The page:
The Political Theory of Home

The Political Theory of Home

Political Science 54

The Political Theory of Home

Spring, 2010

Professor Dumm

Home is supposed to be a refuge, the place where they have to take you in, as Frost once put it. But as he also knew, it is a place of conflict and death as much as comfort and birth. We are hidden from the world in our homes, but we also take pride in our homes, however modest, or even in their modesty. Home is a place of personal remembrance where we do not fight the battles of immortality, but instead follow another way through life, a parallel imagining of where and how we may be in the world, and away from the world. It is the most private of places, and a site of privation because of that. It is the oikos, (the household, where economy began) not the polis (the public place of political argument). And yet home is of political significance paradoxically, because it is supposed to be a refuge from the storms of politics. Hence, for instance, the creation of the Department of Homeland Security as a reassurance to the American people following the terrorist attack of 9/11.In this course, we will explore the idea of home and its political significance in Western thought. Among the writings and authors we will study – The Odyssey, Books of Genesis, Exodus, and Ruth, Fustel de Coulanges, Vico, Shakespeare, Heidegger, Said, Winthrop, Thoreau, Jefferson, Addams, Laura Ingalls Wilder, and Pogue Harrison.

Class meetings will primarily entail discussion – I will occasionally present material myself -- and I ask that you be prepared by having assignments read in advance. I will be seeking weekly response papers (starting in week three) and you will be given both a midterm and final, both of which will be take-home. Because this is the first time I am teaching the course, the syllabus is tentative, and open to change. I ask your patience, and note that this gives you an opportunity to contribute to the development of the course (and to the book I am beginning to write).

Books for purchase (at Amherst Books, downtown Amherst):

Robert Pogue Harrison, The Dominion of the Dead

The Bible (King James edition)

Homer, The Odyssey (Fagles translation)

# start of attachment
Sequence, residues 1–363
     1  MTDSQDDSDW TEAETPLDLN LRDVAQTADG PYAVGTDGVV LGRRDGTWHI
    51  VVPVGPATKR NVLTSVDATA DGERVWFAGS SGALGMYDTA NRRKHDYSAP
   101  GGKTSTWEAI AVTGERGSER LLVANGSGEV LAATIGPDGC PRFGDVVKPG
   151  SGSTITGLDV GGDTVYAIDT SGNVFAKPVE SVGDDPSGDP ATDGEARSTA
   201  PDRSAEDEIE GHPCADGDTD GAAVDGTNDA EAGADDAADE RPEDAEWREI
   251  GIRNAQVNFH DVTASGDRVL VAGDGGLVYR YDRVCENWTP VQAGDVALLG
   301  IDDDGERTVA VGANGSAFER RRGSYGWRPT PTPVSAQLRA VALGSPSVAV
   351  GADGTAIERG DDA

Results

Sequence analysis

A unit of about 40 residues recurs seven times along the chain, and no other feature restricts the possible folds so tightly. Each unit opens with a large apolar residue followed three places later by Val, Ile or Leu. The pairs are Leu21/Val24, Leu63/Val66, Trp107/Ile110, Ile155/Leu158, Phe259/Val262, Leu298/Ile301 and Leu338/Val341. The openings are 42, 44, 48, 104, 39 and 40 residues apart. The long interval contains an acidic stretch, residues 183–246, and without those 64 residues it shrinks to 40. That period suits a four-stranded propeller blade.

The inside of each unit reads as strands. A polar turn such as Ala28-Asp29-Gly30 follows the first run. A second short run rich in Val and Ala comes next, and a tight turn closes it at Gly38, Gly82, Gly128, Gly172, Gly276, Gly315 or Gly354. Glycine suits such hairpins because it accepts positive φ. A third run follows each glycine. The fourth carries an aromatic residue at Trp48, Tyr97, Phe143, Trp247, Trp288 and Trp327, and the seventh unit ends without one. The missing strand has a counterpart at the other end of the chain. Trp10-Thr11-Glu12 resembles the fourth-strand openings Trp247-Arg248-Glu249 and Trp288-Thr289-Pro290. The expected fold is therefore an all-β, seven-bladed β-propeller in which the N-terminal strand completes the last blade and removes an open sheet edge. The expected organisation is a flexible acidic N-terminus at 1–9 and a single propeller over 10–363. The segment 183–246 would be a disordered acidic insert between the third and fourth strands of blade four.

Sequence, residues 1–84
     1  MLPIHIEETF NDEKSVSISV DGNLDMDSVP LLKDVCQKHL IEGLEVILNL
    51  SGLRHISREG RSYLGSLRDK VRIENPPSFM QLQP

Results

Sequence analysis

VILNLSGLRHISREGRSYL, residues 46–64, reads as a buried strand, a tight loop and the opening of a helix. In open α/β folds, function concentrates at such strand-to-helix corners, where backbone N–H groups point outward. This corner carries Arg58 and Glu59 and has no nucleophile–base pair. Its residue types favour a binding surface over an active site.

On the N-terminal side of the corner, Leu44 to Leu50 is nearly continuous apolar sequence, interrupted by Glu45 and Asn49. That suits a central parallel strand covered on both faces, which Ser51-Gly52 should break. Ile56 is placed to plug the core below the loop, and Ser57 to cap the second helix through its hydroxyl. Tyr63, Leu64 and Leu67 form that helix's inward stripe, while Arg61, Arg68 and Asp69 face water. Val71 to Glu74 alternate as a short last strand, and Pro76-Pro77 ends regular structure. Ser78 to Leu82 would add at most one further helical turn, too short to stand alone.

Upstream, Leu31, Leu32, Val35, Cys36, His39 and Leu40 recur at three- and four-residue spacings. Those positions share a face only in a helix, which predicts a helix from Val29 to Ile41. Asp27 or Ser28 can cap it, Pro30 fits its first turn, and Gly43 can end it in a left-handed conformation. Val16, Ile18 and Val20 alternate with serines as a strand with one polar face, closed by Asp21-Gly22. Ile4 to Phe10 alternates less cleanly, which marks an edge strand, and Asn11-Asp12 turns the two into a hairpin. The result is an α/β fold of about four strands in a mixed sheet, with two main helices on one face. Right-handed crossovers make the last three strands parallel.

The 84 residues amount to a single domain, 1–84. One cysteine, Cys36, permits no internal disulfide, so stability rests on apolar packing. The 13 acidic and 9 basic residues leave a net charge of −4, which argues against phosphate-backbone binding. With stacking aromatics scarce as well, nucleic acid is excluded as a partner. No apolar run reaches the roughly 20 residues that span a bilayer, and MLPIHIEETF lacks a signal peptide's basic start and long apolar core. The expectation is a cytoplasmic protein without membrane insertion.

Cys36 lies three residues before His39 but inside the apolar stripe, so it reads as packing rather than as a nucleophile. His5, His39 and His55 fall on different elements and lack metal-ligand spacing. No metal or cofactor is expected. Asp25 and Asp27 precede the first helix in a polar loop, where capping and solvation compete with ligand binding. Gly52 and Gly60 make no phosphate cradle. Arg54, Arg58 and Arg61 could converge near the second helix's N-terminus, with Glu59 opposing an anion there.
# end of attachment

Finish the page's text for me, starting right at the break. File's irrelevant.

Thoreau, Walden

Wilder, Little House in the Big Woods, Little House on the Prairie

Edward Said, Out of Place


1/25: Introduction, no reading

Anxiety Over Home

1/27: Heidegger, “Building, Dwelling, Thinking” (distributed in class)

2/1: KJ Bible, Genesis, Chapters 1 through 4

2/ 3: Odyssey, Book One

Home As Return

2/8: Odyssey, Books Two through Six

2/10: Odyssey, Books Seven through Thirteen

2/15: NO CLASS

2/17: Odyssey, Books Fourteen through Twenty-four

2/22: Genesis, Chapters 11 through 25

2/24: Genesis Chapters 26 through 50

Home As Quest

3/1: Exodus, Chapters 1 through 20

3/3: Exodus, Chapters 21through 35

3/8: Ruth, Chapter 1 through 4

3/10 Ruth, discussion continued (no reading)

Spring Break

Home As Place, I: The Dead

3/22: The Dominion of the Dead. Chapters One and Two

3/24: The Dominion of the Dead, Chapters Three through Five

3/29: The Dominion of the Dead, Chapters Six and Seven

3/31: The Dominion of the Dead, Chapters Eight and Nine

Home As Place Two: The Living

4/5: Walden, Chapters One and Two

4/7: Walden, Chapters Three through Six

4/12: Walden, Chapters Seven through Eleven

4/14: Walden, Chapters Twelve through Fifteen

4/19: Walden, Chapters Sixteen through Conclusion

4/21: Little House in the Big Woods

4/26: Little House on the Prairie

Home As Exile

4/28: Out of Place, Chapters One through Four

5/3: Out of Place, Chapters Five through Seven

5/5: Out of Place, Chapters Eight through Eleven